For a while now, Journaling has become a very useful practice for me. Taking a few minutes each day to write out some of the crazy stuff or thoughts swirling about in my head. When it’s out on paper or on the screen, it definitely helps with calming the mind.
On occasion, when I have thoughts or ideas that I’m keen to better understand, the process of writing these out really helps me formulate a position or create better clarity. It’s a practice (or a process), as a coach, and as someone that’s always keen to learn more, I’d highly recommend.
For 29 out of 31 days in December, I’ve tried to frame up the blog posts similar to my personal daily journal. The big difference is they’re published out for the world (or at least those connected to my world) to read. No pressure so!
Now on New Year’s Eve, to wrap up this month’s challenge, I decided to share this final one in a brain dump journal style covering as much of the learnings and takeaways that stand out from it. Hopefully they make sense and they’re useful. Here goes:
- Get super clear on the purpose of whatever it is you’re doing
- For this daily blog challenge, the purpose was to write a short piece that had a story and a key takeaway.
- To write more succinctly and do it all in around 25 minutes each day, yet still make it meaningful.
- To share some learnings and help others through the posts.
- Some days were better than others for sure but sticking to the purpose helped me follow through on many days.
- Planning helps
- The days when I took 3-5 minutes to plot out some bullet points that gave structure to the post made it easier to get the message across.
- The days when I just dived right in were much more of a struggle.
- The self-doubt goes down but never leaves
- Definitely the first few days were the worst. “Can I really post this stuff?” was often the question coming up!
- Just push through and remind yourself of the reason you’re doing it.
- Each day, when published, the sense of achievement made it worth while.
- Feedback & the 90-9-1 rule
- If you’re not familiar with this social media concept, check it out here
- As I looked over some of the interaction and views of the content, typically I’d get comments or feedback from around 1% of views.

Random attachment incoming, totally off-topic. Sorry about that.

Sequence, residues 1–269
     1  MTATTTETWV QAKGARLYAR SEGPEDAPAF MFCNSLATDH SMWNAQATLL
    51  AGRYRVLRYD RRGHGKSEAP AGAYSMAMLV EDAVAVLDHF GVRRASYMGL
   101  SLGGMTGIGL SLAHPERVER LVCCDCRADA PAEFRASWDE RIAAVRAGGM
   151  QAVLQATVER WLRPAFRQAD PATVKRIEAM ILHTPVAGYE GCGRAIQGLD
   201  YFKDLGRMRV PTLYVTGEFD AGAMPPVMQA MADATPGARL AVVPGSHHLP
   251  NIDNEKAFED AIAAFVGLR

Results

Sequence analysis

- If you’re considering posting and blogging, be aware of this. It helps with the next learning.
- Lower expectations
- Don’t expect to go viral with what you share – not saying you it can’t happen but if you’re setting too high expectations, chances are you’ll lose interest if likes, shares, comments are your main motivations.
- Perfection v Good Enough
- Given the timebound nature of this challenge, perfection was never an option.
- Getting each post to a ‘good enough’ state and learning from each one daily was a parameter or ground rule set from the start – otherwise I’d probably never have got past day 2.
- Popular posts
- It would appear having a catch title and strong post image helps with engagement (no surprise really).
- Posts that share ‘How To’s’ seem to also catch attention better.
- Adding in real stories (everything I shared was personal btw) and emotion also helps to connect.
- The temptation to stop was always there
- Expect resistance when doing anything that puts you in the zone of discomfort
- For me, this was felt daily.
- Remembering the ‘why’ helped.
- Give yourself permission to take a break
- While I fought this for many days, when I finally did take a couple of days off, it felt really good.
- I’ve found over time that taking a break and switching off, for a while, with any endeavour, can give you much needed space that leads to new thinking and ideas.
- Just write
- Many quotes and insights from established authors all point to the writing process being very much about getting the sh1t out before the good stuff comes.
- This experiment for me was eye opening around this. Back to a previous point, some days were better than others.
- Getting it Social Ready
- I probably spent nearly as much time getting the posts online and shared out on social media as I did with the actual writing.
- One of the aims with this challenge was to streamline the process better and experiment with different post strategies just to see if it made any difference.
While the focus of this was all about blogging & writing, most of the learnings above could have come from a month practicing presentation skills, listening better, giving feedback, helping out in the community, or just being more physically daily.
Whatever it is you might be considering taking on in the new year, know you’ll gain a whole lot more from it than you expect. That’s the real beauty of committing to these.
It’s been a really worthwhile experience. I’m sure I’m better having done it. Equally though, I’m looking forward to replacing the blogging with a 5km run every day to get the physical fitness levels better for the year ahead.
A sincere thank you for sticking with me during the month. All 29 posts are on the blog page if you want to check them out.
And, finally, if you’re one of the 1% that did get in touch, a special thanks!
Till whenever the next post comes out, happy New Year,
PS – this one took the longest of all!!!